How to establish an online presence for new businesses

Nearly two million UK small businesses don't have any online presence, costing them over £343bn a year. Here are 5 effective ways to establish your small business on the internet.

So you’re starting a brand new business – congratulations! Embarking on a new business venture is always an exciting time.

Even if you’re not a particularly online business, it’s imperative that your company establishes a strong web presence.

However almost two million UK small businesses don’t have a website according to Approved Index, potentially costing them over £343bn each year. Thankfully that’s in total – not each.

So without further ado, let’s get your brand new biz found online…

1. Have a website

Many small business owners make the mistake of thinking “why go to the trouble and cost of creating a website when social media presence is free?” Though it’s important to put effort into your social visibility, a website gives you an online base of operations – a shopfront that’s uniquely your own.

Through distinct copy, design, and branding you can paint an individual picture of your business that sets you apart from your competition. Having your own website gives you control over what prospects see about you and how they get in touch with you. It also makes you seem more established, and therefore reliable.

Using social media may be free, but if the companies behind Facebook or Twitter go belly up overnight, any following you built up on those platforms would disappear in an instant. However with a website you’d still have an avenue to be found online and to communicate with your prospects.

When you have your own website, you can build up your own organic search “findability” by organically optimising your site for search. SEO is an inexpensive way to get yourself found online, and it’s quite affordable and manageable once you know how.

2. Email marketing

Let’s go back to that “Facebook gets wiped” example above – in a flick of a switch your followers could be gone. However, suppose you built a following of email subscribers instead – you’d have a confirmed database of eager parties who have agreed to hear from you.

Email is a far more decentralised concept than a single social media platform or website, so it isn’t going away in a hurry. Additionally, when you compare the noise of your average social media feed with the (somewhat) calmer focus of an email inbox – where are messages more likely to get buried?

Handing over an email address is a more involved, active signal of interest rather than passively clicking “follow”, therefore email subscribers are potentially worth more to you than your social audience.

Many email marketing tools like MailChimp and MailerLite allow you to set up free “capture pages” to allow interested parties to sign up to your mailing list, so you can start to collect addresses and generate interest for free even before your website goes live.

3. Have a social presence

I know this article’s been a bit harsh on social media so far, but being visible on social is still essential. On top of looking at a business’s website and finding online reviews, many people also search for providers on social media in order to get a feel for the brand and the people behind it. You need to start by discovering which social media platforms your ideal audience use regularly and how to best engage with them.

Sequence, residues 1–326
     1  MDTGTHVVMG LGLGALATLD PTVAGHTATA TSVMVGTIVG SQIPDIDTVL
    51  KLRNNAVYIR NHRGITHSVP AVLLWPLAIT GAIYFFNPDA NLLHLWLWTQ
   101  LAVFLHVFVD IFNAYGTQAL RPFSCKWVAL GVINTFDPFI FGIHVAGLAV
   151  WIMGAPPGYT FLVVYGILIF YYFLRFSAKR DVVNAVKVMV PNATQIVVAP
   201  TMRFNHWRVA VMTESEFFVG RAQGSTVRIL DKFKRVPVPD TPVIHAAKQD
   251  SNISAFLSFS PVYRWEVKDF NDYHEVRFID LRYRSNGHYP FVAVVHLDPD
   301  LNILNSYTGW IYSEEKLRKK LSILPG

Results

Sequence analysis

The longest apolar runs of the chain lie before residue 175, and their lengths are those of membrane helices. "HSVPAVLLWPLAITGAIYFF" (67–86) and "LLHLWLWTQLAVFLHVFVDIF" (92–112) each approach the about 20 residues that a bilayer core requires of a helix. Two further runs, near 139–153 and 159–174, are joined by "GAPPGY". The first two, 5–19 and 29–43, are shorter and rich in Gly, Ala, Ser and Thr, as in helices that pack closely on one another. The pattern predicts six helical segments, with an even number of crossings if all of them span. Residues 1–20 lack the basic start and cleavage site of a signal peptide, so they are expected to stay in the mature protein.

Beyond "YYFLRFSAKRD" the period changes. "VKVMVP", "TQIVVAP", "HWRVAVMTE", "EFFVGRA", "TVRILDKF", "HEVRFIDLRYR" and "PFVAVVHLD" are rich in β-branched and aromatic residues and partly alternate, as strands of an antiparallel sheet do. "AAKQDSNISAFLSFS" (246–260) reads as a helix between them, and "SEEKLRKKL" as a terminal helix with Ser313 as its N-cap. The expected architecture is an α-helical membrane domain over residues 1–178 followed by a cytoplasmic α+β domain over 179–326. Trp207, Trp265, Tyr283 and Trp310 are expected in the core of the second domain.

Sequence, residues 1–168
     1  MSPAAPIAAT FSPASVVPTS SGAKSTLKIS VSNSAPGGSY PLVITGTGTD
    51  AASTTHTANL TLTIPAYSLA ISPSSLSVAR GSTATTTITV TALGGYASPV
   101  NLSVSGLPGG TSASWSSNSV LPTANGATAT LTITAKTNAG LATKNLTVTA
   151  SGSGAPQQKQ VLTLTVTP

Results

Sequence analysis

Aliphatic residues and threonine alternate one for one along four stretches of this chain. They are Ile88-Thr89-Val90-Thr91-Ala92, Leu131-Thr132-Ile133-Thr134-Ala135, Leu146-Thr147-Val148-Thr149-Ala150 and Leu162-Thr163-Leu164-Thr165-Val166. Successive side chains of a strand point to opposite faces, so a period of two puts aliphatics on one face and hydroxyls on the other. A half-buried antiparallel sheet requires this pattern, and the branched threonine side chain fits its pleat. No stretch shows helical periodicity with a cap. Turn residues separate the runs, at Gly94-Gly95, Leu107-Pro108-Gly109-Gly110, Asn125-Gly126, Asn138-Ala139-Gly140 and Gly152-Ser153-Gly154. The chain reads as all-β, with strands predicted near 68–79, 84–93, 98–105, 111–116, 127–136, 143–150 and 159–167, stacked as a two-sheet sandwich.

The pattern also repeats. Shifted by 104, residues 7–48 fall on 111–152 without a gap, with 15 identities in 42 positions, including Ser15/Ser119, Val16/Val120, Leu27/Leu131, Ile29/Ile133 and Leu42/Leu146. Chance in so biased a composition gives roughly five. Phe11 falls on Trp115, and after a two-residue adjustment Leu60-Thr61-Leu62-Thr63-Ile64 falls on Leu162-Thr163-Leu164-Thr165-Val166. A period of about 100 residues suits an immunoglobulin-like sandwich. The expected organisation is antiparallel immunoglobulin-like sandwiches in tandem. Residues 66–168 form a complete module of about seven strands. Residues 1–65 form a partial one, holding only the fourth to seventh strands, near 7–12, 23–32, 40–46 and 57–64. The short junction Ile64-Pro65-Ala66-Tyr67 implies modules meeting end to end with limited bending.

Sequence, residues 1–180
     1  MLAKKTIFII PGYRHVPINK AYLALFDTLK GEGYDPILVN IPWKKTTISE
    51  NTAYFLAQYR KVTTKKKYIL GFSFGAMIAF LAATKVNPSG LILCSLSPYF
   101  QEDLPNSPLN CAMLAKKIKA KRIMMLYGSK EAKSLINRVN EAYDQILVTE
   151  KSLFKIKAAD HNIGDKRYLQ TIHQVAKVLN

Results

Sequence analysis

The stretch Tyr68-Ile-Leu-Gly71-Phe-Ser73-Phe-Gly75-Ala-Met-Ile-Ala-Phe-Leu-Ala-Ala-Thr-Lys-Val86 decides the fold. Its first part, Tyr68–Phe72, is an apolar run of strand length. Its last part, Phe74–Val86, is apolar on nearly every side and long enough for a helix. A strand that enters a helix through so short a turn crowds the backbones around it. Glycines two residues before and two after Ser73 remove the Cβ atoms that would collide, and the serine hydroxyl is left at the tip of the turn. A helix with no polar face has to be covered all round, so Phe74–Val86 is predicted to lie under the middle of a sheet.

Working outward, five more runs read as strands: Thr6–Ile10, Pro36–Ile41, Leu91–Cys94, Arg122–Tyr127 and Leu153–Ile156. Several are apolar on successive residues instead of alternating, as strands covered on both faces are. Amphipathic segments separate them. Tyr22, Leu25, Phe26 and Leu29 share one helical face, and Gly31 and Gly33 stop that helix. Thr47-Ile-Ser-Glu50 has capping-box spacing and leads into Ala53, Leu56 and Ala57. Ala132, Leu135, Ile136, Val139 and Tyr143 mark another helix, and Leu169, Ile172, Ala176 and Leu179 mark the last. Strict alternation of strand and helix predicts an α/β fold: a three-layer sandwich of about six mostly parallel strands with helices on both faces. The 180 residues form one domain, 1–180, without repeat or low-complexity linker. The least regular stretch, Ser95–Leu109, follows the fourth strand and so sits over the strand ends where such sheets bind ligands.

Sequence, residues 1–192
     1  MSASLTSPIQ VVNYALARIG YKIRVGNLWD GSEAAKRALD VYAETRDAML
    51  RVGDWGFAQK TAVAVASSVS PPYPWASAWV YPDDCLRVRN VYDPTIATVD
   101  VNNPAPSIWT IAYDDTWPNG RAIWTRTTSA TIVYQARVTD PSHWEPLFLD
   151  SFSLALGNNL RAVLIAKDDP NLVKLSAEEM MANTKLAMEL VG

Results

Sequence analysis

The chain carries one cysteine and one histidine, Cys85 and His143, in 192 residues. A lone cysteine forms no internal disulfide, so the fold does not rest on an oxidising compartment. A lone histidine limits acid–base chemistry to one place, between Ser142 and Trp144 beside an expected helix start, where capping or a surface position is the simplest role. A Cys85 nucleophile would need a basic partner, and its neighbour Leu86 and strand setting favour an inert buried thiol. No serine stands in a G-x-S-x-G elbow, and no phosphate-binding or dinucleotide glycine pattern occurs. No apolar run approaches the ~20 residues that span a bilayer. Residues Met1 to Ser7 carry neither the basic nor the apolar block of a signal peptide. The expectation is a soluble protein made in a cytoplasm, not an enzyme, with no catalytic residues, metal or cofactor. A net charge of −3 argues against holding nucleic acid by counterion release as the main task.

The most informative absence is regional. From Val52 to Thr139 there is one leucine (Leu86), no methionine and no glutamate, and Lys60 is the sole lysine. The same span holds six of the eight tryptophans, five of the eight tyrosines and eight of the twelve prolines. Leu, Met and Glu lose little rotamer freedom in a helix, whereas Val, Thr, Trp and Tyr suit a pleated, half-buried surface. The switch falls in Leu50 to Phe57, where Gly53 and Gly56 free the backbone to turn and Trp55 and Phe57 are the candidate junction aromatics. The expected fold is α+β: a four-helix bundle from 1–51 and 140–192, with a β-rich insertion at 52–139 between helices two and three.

Social is a great place to earn fresh exposure, network with potential clients, and generally build brand presence. But simply posting to your feed isn’t the only way to engage on social – going deeper and engaging with relevant groups and hashtags can also be really fruitful. It’s important to start your own conversations, but engage with existing discussions too.

Remember that the most engaging social posts aren’t overtly promotional. Aim to provide something of value rather than a hard sell; leave your audience with a small tip or technique that they can go away and use. With thousands of businesses shouting their virtues from the rooftops, the ones that prioritise giving out practical advice stand out from the self-aggrandising noise.

4. Have listings on free sites

It’s equally important to list your company on business listing sites. Many are free to join, so you’ve got nothing to lose by signing up. Many listing sites ( included) show way more than merely name, phone number, and address. Modern listing sites worth their salt allow for a certain amount of persuasive copy, images, logos, opening hours, map locations, and – perhaps most crucially – the opportunity for previous clients to leave reviews.

In fact, Google pulls from its own Google My Business listing platform as well as trusted sites like to provide its “knowledge panel” information (below) in search.

A typical Google MyBusiness listing

5. Be present

And finally, it’s essential that you not only set up these channels of communication, but you keep them updated too! Keep your website fresh with new information and blog posts; consistently send email campaigns out to your subscribers; stay active on your social media platforms (and stay aware of the changes to their algorithms); maintain your free listings; and respond to and engage with reviews that people leave for you.

None of the activities on this list should be seen as a “set it and forget it” deal, they should all be routinely maintained to keep them working at their best.